Monster of the Deep! A critically endangered shark with bulging eyes and a human-like grin is dragged more than 2,000ft below the surface off the Australian coast
- The shark, now over three feet long, was caught off the coast of Australia
- The creature, however, has sparked a frenzy online due to its glowing eyes and human smile.
- The image of the dead creature was shared on Facebook where many thought it was a cookie cutter shark, but an expert says it is a gulper shark
- This Shark Is Critically Endangered Around Australia Due To Overfishing
A ‘sea monster’ has been pulled from the depths off the Australian coast by a fisherman who was startled when he dragged a shark with bright eyes and a human smile.
The shark appeared to have rough, charcoal-colored skin and a small mouth with tiny, sharp teeth lining the top and bottom.
The image of the dead creature was shared on Facebooksparking several theories about what type of shark it is – some suggest it was a cookie cutter or a goblin shark.
The creepy creature is said to be a gulper shark which is critically endangered around Australia due to overfishing
The shark was caught by a fisherman Trapman Bermagui September 12.
He brought the nightmare fish back to his boat more than 2,000 feet below the surface off the coast of New South Wales, Live Science reports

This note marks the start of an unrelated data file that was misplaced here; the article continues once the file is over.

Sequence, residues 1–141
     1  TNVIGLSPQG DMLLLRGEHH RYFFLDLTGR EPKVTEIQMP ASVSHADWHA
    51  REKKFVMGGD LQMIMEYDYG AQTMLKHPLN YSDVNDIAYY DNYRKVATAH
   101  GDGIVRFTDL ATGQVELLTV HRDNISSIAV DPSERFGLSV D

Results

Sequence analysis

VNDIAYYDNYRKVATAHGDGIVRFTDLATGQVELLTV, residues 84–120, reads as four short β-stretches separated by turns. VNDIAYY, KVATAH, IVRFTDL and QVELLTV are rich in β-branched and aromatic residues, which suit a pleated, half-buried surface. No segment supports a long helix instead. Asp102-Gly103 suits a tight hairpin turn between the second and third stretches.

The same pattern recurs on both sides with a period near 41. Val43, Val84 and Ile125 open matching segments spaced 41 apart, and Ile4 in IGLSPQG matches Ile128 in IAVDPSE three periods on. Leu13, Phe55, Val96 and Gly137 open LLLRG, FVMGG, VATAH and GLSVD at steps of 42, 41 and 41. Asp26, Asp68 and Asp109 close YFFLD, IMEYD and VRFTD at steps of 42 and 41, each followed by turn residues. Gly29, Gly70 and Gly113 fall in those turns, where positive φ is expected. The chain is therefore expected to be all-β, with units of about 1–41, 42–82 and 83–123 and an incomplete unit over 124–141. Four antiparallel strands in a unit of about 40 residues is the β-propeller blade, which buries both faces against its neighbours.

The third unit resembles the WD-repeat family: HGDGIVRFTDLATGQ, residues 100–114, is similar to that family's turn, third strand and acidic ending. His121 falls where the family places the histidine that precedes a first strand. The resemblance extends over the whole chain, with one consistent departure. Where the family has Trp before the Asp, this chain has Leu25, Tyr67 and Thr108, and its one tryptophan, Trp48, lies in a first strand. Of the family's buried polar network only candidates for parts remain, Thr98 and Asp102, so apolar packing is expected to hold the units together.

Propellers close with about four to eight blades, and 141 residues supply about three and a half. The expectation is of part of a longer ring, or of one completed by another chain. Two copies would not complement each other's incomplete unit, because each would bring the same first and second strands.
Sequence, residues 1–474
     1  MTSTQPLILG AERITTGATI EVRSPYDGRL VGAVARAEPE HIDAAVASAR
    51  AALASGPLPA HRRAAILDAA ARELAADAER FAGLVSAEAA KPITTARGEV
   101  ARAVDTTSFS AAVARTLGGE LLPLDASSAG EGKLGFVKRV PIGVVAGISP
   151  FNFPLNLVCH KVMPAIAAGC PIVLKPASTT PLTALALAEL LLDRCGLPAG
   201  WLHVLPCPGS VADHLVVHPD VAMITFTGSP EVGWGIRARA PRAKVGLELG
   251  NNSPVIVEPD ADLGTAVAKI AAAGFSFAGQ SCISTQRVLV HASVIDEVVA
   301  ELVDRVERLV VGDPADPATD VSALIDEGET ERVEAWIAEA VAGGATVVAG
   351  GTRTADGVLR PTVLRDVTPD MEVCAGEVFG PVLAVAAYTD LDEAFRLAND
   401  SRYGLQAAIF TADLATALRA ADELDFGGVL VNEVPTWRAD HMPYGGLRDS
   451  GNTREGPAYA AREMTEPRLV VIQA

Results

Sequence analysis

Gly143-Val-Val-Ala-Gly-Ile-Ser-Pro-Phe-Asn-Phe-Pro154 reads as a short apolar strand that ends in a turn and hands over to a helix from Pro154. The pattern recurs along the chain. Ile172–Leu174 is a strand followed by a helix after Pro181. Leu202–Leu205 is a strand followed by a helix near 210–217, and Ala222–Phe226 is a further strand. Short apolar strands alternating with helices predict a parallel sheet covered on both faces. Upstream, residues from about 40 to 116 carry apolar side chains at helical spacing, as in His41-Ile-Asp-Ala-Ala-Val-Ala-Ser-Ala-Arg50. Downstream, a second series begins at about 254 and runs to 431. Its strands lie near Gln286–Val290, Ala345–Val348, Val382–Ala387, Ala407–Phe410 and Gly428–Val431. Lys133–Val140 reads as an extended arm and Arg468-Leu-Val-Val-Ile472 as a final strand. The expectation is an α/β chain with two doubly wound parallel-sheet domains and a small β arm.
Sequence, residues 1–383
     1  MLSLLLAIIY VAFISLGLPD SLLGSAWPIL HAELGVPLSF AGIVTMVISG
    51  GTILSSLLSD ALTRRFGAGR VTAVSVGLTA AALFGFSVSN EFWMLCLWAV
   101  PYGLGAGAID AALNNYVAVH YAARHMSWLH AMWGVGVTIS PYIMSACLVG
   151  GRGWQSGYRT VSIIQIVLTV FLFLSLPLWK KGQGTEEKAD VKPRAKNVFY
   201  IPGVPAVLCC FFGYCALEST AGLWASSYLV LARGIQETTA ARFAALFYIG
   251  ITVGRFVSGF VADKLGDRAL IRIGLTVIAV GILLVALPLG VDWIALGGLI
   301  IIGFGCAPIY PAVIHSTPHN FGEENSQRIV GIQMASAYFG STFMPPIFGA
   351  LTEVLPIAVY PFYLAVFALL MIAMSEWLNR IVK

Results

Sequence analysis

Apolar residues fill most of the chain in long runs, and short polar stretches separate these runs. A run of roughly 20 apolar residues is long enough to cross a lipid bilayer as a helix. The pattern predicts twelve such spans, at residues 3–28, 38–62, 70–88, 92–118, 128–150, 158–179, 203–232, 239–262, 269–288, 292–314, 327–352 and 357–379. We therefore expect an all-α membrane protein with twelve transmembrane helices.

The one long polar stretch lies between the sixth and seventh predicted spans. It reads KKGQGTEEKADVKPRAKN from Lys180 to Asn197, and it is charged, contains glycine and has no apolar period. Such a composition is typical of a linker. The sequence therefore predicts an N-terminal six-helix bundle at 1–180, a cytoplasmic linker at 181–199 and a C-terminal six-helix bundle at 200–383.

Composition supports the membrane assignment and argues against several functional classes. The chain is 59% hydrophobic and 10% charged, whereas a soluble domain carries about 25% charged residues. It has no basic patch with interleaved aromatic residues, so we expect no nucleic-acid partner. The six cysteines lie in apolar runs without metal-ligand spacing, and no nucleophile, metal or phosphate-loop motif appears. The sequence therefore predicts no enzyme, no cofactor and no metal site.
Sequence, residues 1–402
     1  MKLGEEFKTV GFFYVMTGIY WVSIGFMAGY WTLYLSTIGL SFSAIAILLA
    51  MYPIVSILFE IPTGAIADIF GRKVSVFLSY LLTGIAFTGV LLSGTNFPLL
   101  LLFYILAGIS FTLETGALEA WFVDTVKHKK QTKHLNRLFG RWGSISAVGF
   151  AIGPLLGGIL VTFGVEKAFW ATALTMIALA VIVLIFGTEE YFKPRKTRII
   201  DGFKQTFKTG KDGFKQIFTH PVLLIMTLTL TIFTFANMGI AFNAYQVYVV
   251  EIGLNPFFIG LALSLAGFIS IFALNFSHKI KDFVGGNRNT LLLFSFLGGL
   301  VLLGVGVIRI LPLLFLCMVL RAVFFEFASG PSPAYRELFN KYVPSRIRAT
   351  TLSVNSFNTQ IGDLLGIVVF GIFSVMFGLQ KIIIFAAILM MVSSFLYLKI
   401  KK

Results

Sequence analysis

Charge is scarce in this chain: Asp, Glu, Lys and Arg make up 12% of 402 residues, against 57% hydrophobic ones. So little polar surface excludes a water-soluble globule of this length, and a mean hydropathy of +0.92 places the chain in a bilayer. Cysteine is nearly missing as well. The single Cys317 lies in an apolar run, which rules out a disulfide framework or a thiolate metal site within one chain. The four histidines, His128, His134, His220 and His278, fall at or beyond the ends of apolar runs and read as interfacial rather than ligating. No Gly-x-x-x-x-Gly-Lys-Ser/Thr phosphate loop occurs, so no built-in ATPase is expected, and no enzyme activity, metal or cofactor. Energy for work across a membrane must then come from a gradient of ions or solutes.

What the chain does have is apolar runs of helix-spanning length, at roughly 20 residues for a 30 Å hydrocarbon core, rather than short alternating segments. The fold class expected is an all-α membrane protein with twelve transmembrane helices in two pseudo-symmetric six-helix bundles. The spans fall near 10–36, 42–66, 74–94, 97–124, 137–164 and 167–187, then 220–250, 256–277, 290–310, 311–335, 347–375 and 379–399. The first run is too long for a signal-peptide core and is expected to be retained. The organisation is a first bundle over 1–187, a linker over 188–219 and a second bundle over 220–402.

Trapnman Bermagui shared a photo of the lifeless creature on Facebook, which garnered over 1,000 likes and sparked several theories about what type of shark it was.
Several users have referred to it as a cookie cutter shark, due to its small mouth and sharp little teeth.
While many Facebook users thought the creature was a cookie cutter shark, an expert has determined it to be a gulper shark (pictured)
Others were amazed by the sea monster’s appearance, with some saying it gave them “the biggest creeps”.
And a few people have suggested that it was a prehistoric creature.
But Fisher told Newsweek it was “totally not a cookie cutter”, but a rough-skinned shark also known as a hunter shark.
This species is found in the Indian Ocean, Atlantic Ocean, and parts of the Pacific.
According to Shark Research Institutethis shark has smooth skin, but the one just caught had skin that looked like sandpaper.
This could be because the shark died.
This species is also identifiable by its short first dorsal fin and the second positioned higher than other sharks.
Males can be up to 2.6 feet long, while females can be up to three feet long.
And the hunter shark is critically endangered regionally around Australia.
Sharks are a sought-after commodity in fisheries that use their oil and meat.